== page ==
|Chip form factors
|200 MT/s, 266 MT/s
|AMD Athlon (500–1000 MHz)
|Super Socket 7
This article is part of the CPU socket series
Slot A is the physical and electrical specification for a 242-lead single-edge-connector used by early versions of AMD's Athlon processor.
The Slot A connector allows for a higher bus rate than Socket 7 or Super Socket 7. Slot A motherboards use the EV6 bus protocol, a technology originally developed by Digital Equipment Corporation (DEC) for its Alpha 21264 microprocessor.
Slot A is mechanically compatible but electrically incompatible with Intel's Slot 1. As a consequence, Slot A motherboards were designed to have the connector's installed orientation be rotated 180 degrees relative to Slot 1 motherboards to discourage accidental insertion of a Slot 1 processor into a Slot A motherboard, and vice versa. The choice to use the same mechanical connector as the Intel Slot 1 also allowed motherboard manufacturers to keep costs down by stocking the same part for both Slot 1 and Slot A assemblies.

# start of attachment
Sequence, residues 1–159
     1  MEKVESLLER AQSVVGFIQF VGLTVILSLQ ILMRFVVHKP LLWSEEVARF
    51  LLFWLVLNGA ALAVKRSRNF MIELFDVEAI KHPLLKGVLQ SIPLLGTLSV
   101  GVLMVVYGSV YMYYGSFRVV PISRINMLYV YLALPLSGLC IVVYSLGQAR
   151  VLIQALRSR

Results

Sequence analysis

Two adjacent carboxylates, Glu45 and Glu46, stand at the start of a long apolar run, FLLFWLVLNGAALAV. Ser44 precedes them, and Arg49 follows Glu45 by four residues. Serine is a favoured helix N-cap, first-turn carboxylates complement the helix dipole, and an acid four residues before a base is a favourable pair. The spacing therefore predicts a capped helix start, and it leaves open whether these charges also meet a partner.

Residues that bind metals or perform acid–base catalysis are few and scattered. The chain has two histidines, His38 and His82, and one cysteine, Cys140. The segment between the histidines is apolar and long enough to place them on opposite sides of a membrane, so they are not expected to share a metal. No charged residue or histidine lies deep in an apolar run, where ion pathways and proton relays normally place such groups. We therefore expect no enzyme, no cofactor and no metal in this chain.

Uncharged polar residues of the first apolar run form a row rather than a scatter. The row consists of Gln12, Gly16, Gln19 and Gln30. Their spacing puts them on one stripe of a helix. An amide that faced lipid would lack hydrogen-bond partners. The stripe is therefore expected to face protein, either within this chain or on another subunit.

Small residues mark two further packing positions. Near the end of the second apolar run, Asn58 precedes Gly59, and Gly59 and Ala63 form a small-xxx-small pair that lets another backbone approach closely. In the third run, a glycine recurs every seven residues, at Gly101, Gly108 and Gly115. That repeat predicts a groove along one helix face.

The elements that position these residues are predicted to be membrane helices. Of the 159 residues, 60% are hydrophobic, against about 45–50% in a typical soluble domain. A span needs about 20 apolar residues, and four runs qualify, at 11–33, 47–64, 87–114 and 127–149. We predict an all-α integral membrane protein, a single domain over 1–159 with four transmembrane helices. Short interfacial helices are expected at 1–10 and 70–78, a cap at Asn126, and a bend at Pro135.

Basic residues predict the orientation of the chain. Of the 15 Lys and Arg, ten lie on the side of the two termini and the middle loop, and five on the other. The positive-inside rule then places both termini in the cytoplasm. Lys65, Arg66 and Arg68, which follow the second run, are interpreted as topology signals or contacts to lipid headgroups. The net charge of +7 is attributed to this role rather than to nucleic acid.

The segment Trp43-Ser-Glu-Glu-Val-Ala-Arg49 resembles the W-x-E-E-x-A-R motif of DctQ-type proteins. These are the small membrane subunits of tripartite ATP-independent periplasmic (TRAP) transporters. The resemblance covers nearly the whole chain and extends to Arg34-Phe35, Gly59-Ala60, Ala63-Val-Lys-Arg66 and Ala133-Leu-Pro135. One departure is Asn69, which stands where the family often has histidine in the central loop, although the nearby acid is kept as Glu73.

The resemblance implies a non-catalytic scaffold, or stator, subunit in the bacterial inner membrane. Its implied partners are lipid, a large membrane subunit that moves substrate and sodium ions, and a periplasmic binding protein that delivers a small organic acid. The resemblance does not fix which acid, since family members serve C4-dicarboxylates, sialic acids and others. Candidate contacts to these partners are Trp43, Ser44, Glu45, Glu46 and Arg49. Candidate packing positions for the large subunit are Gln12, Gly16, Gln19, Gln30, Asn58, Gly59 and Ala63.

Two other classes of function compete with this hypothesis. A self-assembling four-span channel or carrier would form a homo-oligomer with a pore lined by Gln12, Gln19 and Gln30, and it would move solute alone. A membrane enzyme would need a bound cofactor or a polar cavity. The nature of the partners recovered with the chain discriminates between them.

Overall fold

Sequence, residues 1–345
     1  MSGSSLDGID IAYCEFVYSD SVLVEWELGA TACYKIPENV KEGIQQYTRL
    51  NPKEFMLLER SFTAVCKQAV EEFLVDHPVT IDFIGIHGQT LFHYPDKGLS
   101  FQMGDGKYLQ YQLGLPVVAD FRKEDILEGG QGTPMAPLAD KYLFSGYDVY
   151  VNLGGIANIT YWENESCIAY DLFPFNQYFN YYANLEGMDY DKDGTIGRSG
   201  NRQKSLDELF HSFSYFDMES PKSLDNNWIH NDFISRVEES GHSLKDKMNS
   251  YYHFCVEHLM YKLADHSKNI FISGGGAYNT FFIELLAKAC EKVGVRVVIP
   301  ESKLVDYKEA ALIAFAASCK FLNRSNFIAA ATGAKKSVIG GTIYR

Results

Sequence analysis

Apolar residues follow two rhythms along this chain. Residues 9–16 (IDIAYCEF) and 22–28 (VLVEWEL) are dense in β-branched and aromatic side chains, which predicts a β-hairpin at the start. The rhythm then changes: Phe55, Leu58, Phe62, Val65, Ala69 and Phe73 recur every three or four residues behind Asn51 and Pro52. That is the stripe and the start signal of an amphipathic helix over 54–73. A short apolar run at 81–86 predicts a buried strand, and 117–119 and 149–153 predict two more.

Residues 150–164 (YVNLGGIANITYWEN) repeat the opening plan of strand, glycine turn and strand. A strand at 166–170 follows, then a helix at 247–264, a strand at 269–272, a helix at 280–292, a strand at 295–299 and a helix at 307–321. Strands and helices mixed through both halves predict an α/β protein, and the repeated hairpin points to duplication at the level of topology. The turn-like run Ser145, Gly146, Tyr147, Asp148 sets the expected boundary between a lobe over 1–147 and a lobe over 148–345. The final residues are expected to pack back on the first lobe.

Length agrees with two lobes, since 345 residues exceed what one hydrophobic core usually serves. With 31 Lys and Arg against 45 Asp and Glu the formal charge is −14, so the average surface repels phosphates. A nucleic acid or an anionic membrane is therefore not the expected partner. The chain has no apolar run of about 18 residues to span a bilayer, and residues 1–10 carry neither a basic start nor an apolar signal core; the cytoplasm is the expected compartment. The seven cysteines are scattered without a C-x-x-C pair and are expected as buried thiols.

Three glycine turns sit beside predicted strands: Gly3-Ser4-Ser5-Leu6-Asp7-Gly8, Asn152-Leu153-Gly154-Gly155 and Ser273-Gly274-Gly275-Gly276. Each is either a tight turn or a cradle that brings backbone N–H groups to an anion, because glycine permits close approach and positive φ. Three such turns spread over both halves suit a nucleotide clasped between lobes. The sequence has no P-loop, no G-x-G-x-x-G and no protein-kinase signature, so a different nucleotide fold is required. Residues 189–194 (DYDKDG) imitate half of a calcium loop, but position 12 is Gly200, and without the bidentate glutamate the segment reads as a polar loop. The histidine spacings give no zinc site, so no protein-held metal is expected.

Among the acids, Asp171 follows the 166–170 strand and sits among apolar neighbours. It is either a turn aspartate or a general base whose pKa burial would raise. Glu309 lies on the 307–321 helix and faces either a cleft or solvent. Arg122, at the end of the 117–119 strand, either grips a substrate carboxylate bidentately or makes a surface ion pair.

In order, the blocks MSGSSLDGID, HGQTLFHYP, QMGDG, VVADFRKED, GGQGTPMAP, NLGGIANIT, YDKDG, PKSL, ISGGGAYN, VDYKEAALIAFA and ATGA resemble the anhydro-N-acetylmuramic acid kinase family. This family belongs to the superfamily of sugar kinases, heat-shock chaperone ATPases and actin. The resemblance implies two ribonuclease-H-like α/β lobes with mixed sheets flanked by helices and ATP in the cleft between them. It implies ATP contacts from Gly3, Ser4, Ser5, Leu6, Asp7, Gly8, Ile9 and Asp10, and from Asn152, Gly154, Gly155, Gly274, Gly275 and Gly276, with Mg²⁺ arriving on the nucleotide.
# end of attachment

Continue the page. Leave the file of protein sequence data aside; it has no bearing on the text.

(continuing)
Slot A was superseded by Socket A.
AMD offered official chipsets for the Slot A CPUs. These are included in the table below.
|Features / Notes
|Athlon, Duron (Slot A, Socket A), Alpha 21264
|AGP 2×, SDRAM
Irongate chipset family; early steppings had issues with AGP 2×; drivers often limited support to AGP 1×; later fixed with "super bypass" memory access adjustment.
Third-party chipsets includes a large number of VIA K-series chipsets.
In practice, third-party chipsets were heavily favoured by motherboard manufacturers. Stability problems and compatibility quirks from these chipsets abounded from manufacturers not following chipset designers' guidelines. This caused long-lasting damage to AMD's reputation, despite AMD having nothing to do with the poorly-realised hardware. A similar incident happened with third-party chipsets for Super Socket 7 CPUs.